The practice of snowshoeing is one which every man should cultivate, wherever the conditions are favorable to it. It is an easy, exhilarating and very thorough way of getting exercise. The free, swinging stride, which the use of snowshoes necessitates, has the effect of awakening the blood in all parts of the body to a full and natural activity. To anyone who is at all accustomed to it, the motion seems to be an exceedingly easy and unwearying one; and it is an undoubted fact that if the snow is in a satisfactory condition a man can go much farther with snowshoes, and much more swiftly without weariness, than he can walking in the usual way upon the travelled road.
       But the supreme charm of this delightful exercise lies in the fact that, as in the case of imagination as compared with logic, or the poet compared with the scientific philosopher, the snowshoer is freed from all rules of any absolute system of procedure. Whereas the ordinary wayfarer must follow slowly and ploddingly the worn paths and beaten highways, he sets all guidance at defiance, and marches at the bidding of any whim over fields, over marshes, down valleys, wherever he will. He crosses or follows the level breadth of rivers, finding in them the smoothest and freest floorway for his feet. He strides into the depth of forests, where, but for his shoes, he would be buried to his waist in snow. He climbs upon the treetops and looks abroad over the world; in imagination the monarch of all he surveys. His tracks are everywhere but along the common road; that, like the artist-Bohemian, he sedulously avoids.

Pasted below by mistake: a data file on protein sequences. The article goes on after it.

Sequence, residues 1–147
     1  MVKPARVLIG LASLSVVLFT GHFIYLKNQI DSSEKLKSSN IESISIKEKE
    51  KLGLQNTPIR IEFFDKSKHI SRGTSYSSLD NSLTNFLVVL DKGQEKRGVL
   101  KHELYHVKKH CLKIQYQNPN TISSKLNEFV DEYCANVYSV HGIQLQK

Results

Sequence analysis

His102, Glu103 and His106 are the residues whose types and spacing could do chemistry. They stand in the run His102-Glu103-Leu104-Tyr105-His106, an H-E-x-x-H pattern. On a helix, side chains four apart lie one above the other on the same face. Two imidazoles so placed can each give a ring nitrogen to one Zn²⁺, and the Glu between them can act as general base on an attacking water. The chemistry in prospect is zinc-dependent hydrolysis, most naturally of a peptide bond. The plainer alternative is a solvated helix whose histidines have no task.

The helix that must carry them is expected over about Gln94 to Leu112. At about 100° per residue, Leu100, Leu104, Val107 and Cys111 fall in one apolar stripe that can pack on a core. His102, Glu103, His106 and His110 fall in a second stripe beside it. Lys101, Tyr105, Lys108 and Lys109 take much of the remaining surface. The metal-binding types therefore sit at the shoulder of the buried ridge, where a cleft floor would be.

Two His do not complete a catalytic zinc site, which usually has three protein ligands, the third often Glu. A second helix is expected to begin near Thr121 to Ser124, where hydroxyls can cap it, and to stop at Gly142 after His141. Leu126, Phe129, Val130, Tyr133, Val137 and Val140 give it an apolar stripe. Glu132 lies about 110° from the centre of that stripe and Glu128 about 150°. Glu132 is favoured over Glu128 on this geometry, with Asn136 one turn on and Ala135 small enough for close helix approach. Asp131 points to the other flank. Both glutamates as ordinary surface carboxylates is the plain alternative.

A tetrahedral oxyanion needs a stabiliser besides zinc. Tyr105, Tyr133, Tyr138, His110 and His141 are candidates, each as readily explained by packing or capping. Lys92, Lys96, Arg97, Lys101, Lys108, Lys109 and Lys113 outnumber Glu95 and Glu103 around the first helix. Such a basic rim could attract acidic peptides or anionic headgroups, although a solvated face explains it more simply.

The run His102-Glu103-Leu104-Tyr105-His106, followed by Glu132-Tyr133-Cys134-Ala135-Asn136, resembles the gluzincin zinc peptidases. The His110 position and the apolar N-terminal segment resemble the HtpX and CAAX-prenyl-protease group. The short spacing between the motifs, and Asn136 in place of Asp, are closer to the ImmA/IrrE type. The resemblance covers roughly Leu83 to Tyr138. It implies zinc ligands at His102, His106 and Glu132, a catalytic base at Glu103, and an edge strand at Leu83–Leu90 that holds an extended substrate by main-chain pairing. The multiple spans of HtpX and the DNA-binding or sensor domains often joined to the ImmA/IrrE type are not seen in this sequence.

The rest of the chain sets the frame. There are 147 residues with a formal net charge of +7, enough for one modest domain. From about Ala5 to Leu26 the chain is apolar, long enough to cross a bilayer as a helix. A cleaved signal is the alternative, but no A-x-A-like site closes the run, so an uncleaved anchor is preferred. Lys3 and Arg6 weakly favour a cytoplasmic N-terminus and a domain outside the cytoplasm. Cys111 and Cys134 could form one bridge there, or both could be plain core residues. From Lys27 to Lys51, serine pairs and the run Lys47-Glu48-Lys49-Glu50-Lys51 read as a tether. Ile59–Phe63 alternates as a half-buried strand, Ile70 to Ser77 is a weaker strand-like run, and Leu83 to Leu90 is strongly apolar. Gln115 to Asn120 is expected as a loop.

A Canadian writer whose work is continually gaining in strength of imagination and fulness of tone is the Rev. Frederick George Scott. We are reminded of him by a very vigorous and interesting poem called "In Via Mortis," in The Week for February 10th. The imagery of this poem, the picturing of the dead and their hidden land, and the emotions stirred within the poet's soul by the voices and shadows of the after world are given to us in the large and vague forms suggestive of all indigenous northern poetry. The workmanship of the stanzas is of a high order, and marks a continued advance upon the quality, already in some cases fine, of such previous work of this writer as we have seen. As a piece of writing it would be hard to improve upon the following stanza:

"I know you not, great forms of giant kings,
       Who held dominion in your iron hands,
Who toyed with battles and all valorous things,
       Counting yourselves as gods, when on the sands
Ye piled the earth's rock fragments in a heap,
       To mark and guard the grandeur of your sleep,
And quaff the cup which death, our mother, brings."